[dropcap background=”” color=”” circle=”0″]W[/dropcap]hat is your attitude toward your paycheck every month? Do you consider it your reward for working hard and your key to unwinding through shopping, eating out, and the like? Or do you immediately feel that your salary is inadequate for your bills and spend the day sulking in a corner while your officemates are out to a fancy payday lunch? I hope you feel neither of the two.
What is your attitude in the days before payday? Is there an excited anticipation of your coming renewed ability to spend? Is there relief that your bills won’t break the bank anymore?
The point of all these questions is too see how—and if—you save money from your paychecks (or profits if you’re an entrepreneur). Award-winning financial analyst and valuation expert Andrew Stotz believes we should “take pride in spending much less” than our monthly income.
The concrete ways Mr. Stotz advised the students of his seminar series from October 2–4 in Manila, Philippines were the following: 1) reduce debt 2) start investing once debt-free 3) set aside money for investment every month.
Almost all of us, at one point or another, will incur debts as we conduct our daily lives. Some emergencies are terribly unexpected. Sometimes, one cannot jump-start his or her saving because a relative is sick, a sibling’s tuition payment period is getting near, a parent lost money in a casino, a friend needs to borrow money for whatever reason. In short, a lot of “excuses” will always come up in the future to derail your saving-up time. As much as possible, prepare for these situations before they even happen by saving up at least three months’ worth of pay.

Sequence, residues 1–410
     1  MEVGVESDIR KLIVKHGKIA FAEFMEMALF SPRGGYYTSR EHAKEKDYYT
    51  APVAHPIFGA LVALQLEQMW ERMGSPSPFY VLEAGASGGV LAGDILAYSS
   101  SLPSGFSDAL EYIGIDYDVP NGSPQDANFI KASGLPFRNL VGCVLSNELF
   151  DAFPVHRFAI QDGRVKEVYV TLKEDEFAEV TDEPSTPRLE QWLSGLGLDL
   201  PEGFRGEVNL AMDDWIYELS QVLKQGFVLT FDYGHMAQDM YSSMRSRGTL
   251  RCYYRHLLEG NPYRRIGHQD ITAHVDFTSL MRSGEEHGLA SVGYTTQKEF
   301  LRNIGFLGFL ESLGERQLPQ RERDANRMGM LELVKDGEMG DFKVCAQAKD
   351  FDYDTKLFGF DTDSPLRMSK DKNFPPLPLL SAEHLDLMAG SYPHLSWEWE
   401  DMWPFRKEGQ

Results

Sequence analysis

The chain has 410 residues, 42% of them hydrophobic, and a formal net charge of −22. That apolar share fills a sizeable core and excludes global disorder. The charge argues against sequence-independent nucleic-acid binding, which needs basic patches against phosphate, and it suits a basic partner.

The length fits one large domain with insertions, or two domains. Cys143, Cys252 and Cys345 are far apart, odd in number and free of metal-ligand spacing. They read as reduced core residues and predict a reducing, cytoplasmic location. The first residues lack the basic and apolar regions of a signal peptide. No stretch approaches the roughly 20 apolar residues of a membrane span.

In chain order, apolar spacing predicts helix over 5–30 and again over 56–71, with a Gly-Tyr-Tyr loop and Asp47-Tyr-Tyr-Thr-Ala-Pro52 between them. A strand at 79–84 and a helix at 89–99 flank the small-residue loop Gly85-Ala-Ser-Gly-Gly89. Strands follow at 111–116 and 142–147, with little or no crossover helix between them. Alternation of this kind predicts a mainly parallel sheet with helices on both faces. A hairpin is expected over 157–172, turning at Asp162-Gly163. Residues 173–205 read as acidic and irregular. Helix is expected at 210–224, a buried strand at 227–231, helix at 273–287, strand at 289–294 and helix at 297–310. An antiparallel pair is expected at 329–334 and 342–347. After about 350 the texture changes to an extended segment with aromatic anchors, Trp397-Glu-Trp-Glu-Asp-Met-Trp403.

Meanwhile, Mr. Stotz also shared an important nugget, saying that “cutting costs won’t get you rich.” While there should be a savings plan you follow religiously, this does not mean we are to focus on being wealthy as the ultimate goal. What Mr. Stotz wants is for us to focus on being financially independent, not getting rich. Financial independence is achieved, according to the CFA Thailand Society president, when your passive income—for example, dividends from stocks—are enough to fund your day-to-day lifestyle. This means that even if you liquidate a portion of your investments, you are still very much protected.
We can only achieve this life if we start saving at a very early age. The great thing about some banks now is that they are promoting simple saving accounts for children! If you are a parent, teach your kids to save up. If you are single, set a good example and tell the world about the comfortable feeling of knowing that you are both prepared for any emergency and able to invest in the stock market at once.
P.S. Compare savings accounts well. Find the one with a reasonable required minimum balance and one that has the highest interest rate. And make sure that bank has a lot of ATMs across your town or city in case of emergency.
Danielle covered the three-day university tour of Andrew Stotz in the Philippines from October 2 to 4, 2014. She will discuss each of Andrew’s 12 investment principles from her perspective. All articles will be posted here on www.andrewstotz.com.